Mitchell A. Seligson, “The renaissance of political culture or the renaissance of the ecological fallacy?’ Comparative Political Studies (2002), pp. 272-292.

‘Summary:  This article tests Inglehart’s thesis quantitatively by analyzing data at both the macro and micro levels. Data from additional Latin American cases are incorporated into the investigation, and Ingleharts findings are not supported by the results.


Important Insight: Inglehart’s (1988) study of political culture commits the individualistic fallacy. Aggregating survey data to produce a single data point (i.e. political culture) carries great risk, so one must look also at micro-level analysis to determine if the relationship is actually operating as speculated.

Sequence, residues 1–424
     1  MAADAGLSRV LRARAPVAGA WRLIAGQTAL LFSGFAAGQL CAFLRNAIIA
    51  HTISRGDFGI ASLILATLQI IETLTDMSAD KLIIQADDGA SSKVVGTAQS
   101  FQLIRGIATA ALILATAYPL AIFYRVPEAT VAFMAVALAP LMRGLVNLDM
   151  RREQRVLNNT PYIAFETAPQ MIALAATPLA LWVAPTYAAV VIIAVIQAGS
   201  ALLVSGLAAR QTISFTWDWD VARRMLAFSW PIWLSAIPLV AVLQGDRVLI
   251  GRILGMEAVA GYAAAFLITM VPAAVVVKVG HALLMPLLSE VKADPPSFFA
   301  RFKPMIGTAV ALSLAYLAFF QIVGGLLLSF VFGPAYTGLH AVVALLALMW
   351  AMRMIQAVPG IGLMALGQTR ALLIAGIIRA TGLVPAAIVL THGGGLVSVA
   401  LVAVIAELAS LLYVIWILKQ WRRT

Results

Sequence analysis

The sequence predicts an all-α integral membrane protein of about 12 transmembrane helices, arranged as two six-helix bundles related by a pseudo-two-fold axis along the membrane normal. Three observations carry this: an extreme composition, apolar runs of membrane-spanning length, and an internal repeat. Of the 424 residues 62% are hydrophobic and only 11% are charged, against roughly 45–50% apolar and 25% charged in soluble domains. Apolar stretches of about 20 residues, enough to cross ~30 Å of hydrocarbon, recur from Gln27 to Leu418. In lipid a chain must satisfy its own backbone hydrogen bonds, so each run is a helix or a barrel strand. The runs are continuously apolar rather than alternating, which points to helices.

*the (individualistic) ecological fallacy: incorrectly imputing to the higher order unit the aggregation of values of individuals.

*finds that macro-level data measuring trust and democracy do not seem to fit most cases throughout the world, except for a small group of highly industrialized, advanced democracies in northern Europe and North America. The linear association between interpersonal trust and level of democracy disappears when a control is introduced for per capita income.

*finds that at the micro level, the expected association between the civic culture attitudes and preferences for democracy did not emerge, either with Inglehart’s data or with the data from Latin America.

*Inglehart’s DV, years of continuous democracy, has been criticized because the effect (democracy) comes long before the cause (trust). While Inglehart acknowledges this, he clams that the problem is not overly troublesome since levels of trust are relatively stable over time – but as his own data show, this is not the case (e.g. US).